Last week, Gov. Rick Scott announced record-breaking tourism numbers in the Sunshine State. It may be the last time for a while. Ignoring extensive research, case studies and pleas from travel industry constituents across the state, the Florida Legislature slashed funding for Visit Florida by a crippling 67 percent -- recklessly jeopardizing the tourism industry’s leading role as a generator of jobs and government revenues.
A $25 million budget to market Florida, one of the world’s top travel destinations, is not conducive to success on any front -- job creation, revenue increases or lower taxes for Florida residents. By cutting off funds for advertising, marketing and promotion, Florida will essentially surrender the gains made over the past several years while global competitors steal market share.
Contrary to assertions made by some elected officials, vacation destinations do not sell themselves. Every great product needs to make potential customers aware of the benefits their product offers -- and why it is a better choice than the alternative. That is why California spends more than $100 million every year to market their state, even with well-known major attractions such as Disneyland, Hollywood, the Golden Gate Bridge and great beaches.
Tourism is an incredibly competitive industry. Not only are we competing against 49 other states (some with eight-figure marketing budgets), we are battling destinations across the globe to get the attention of potential visitors. Mexico, the Bahamas and Cuba are thrilled Florida’s travel marketing budget has been reduced, allowing them to gain market share while Visit Florida goes silent in the marketplace.
These cuts were approved despite warnings from experts in government and the private sector. Detailed case studies about states like Colorado and Washington (which cut tourism marketing, only to lose jobs, revenues and market share) provided a cautionary tale ignored. Prestigious organizations such as Florida TaxWatch conducted economic studies demonstrating Visit Florida’s return on investment, proving investing in tourism is good public policy.
Our elected officials have demonstrated they know the importance of consistent messaging. Legislators raised $73 million for election campaigns in 2016 -- even though 57 seats were uncontested. They spent money to keep the voters informed of the job they do, and explained why they should continue to serve. Reminding vacationers of why Florida is a great choice for their family follows the same principle.
The decision to slash tourism marketing funding and create barriers to Visit Florida’s success negatively impacts every single Floridian. Less marketing means fewer visitors and fewer visitors means less tax revenue to fund necessary public projects such as schools, beaches, parks, roads and other infrastructure.
Even if the entire $61 million cut were dedicated to other programs, the impact would be minimal. For example, according to FDOT, $61 million would construct only four miles of urban interstate -- in a state with nearly 1,500 miles of interstate. On a larger scale, the $61 million cut from Visit Florida’s budget would fund state government operations for just five hours out of the year. Invested in marketing the state, however, those same funds would generate more than $160 million in new state and local tax revenue that could support transportation, education and senior services.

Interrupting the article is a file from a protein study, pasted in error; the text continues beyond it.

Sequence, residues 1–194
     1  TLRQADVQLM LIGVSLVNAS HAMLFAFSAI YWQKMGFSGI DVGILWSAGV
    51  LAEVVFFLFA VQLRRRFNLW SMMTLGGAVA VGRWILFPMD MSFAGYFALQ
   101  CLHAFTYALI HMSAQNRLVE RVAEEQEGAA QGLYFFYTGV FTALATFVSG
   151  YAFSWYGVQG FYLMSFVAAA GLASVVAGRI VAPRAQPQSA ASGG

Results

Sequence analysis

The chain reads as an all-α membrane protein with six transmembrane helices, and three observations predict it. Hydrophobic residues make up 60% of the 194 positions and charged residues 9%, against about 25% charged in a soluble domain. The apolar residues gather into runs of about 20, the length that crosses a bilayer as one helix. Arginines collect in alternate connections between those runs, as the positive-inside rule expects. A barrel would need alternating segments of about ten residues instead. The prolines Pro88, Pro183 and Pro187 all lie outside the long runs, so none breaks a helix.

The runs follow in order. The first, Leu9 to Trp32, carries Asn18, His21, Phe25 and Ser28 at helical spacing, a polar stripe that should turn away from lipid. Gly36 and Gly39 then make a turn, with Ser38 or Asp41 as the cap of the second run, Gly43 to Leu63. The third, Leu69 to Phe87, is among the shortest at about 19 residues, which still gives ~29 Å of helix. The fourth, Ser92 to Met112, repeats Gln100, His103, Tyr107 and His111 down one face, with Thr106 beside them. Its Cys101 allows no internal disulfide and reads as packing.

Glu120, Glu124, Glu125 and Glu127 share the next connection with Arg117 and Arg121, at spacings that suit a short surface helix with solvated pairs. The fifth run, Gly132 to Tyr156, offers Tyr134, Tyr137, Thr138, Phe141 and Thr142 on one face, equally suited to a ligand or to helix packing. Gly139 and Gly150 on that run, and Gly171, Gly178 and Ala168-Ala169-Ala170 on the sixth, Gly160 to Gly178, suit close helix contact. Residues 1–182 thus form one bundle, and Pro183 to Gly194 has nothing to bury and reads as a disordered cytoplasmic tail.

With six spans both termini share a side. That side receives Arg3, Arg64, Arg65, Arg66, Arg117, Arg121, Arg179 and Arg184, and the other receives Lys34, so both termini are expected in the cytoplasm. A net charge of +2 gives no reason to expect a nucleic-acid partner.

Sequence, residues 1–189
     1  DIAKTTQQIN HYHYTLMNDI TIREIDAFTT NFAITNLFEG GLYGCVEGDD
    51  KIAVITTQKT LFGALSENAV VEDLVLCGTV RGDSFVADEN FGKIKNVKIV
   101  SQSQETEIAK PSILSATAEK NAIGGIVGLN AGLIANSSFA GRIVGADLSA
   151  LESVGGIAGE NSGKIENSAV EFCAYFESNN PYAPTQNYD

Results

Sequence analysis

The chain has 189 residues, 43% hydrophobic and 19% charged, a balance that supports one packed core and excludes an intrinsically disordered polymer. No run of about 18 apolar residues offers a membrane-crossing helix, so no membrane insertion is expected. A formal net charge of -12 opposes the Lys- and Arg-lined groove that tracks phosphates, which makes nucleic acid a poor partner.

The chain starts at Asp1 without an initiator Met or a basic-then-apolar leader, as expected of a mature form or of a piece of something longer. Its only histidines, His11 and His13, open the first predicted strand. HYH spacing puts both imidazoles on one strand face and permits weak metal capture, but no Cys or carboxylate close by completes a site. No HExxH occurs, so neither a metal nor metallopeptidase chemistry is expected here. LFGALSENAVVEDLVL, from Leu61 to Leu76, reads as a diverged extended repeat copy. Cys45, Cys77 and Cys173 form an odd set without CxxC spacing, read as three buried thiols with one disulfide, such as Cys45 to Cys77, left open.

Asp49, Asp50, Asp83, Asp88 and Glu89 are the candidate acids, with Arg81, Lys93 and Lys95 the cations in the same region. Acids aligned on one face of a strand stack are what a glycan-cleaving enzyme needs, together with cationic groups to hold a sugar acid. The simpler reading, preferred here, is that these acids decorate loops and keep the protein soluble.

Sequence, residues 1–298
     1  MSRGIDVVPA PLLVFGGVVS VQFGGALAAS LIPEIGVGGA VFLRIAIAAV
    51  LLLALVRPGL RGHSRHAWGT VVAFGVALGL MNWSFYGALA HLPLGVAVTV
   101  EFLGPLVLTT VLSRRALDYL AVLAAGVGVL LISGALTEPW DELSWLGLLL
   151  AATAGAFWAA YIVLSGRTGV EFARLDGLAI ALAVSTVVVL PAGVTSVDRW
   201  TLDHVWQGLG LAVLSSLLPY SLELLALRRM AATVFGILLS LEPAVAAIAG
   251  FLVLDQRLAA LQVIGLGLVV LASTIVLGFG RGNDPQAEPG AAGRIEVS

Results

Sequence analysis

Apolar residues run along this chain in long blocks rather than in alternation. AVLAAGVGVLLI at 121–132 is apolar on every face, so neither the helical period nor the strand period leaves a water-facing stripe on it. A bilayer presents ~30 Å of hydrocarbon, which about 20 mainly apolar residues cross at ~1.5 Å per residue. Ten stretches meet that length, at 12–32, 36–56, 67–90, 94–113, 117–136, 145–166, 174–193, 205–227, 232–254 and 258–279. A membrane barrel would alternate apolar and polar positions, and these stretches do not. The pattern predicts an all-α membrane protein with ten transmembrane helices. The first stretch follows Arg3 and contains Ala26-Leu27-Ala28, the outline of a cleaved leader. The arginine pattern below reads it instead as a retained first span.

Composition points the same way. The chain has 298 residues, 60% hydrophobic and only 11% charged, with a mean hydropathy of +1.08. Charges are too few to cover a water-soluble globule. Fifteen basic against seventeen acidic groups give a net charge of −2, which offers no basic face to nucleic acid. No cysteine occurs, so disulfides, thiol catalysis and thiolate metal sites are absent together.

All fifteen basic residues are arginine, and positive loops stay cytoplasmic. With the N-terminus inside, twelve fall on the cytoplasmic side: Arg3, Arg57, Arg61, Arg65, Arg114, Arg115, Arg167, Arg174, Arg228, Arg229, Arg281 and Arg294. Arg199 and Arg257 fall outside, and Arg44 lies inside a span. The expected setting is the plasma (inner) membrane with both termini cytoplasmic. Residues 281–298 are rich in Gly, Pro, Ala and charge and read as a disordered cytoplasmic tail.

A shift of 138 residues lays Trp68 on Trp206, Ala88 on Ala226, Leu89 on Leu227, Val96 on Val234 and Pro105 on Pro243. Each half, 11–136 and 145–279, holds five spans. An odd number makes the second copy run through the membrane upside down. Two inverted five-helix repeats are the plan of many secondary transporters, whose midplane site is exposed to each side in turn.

It is also important to note Visit Florida represents a miniscule portion of the state’s budget, yet any decrease in funding will result in significant ramifications. Even if Visit Florida were funded at Gov. Scott’s recommendation of $100 million, 98.7 percent of the state’s budget would be left for other priorities.
I live and work in the small coastal community of Amelia Island, a community that is twice as dependent on tourism as the average Florida county. We are especially concerned about the budget cuts’ impact to rural communities. To a degree, large urban destinations, mega resorts and world-famous theme parks can rely on global brand recognition, but many of Florida’s hidden gems will be left without the resources to market themselves. For Nassau County, the potential impacts are frightening.
Tourist spending generates 37 percent of the sales taxes generated here. Over 25 percent of the work force have jobs in the hospitality business. Tourist spending provides a net gain of $40 million to County government, saving every household in the County $2,748 in state and local taxes. If tourism declines, it means fewer jobs, fewer services and potentially increased taxes on residents.
Just as in Nassau County, other hardworking Floridian families will suffer, too. A TaxWatch study analyzed the economic impact of the new tourism promotion budget, and found that reducing funding to $25 million means a loss of at least five million tourists. With a five percent tourism downturn, every household in Florida would have to be taxed an additional $1,535 a year to replace the lost state and local taxes generated from visitor activity. Perhaps even more disheartening are the 70,000 jobs that will be lost due to fewer visitors.
Our hope is that before tourism losses mount in 2018, legislators will reverse course and fully fund a marketing effort that maintains our status as the Earth’s most popular family destination. If not, jobs will be lost, small businesses will be harmed and tax revenue will be diminished. Objectively evaluating the return on investment clearly proves tourism works for Florida -- and supporting it financially is a wise move for all our citizens.
Gil Langley is chairman of the Florida Association of Destination Marketing Organizations, the statewide association representing county tourism promotion agencies.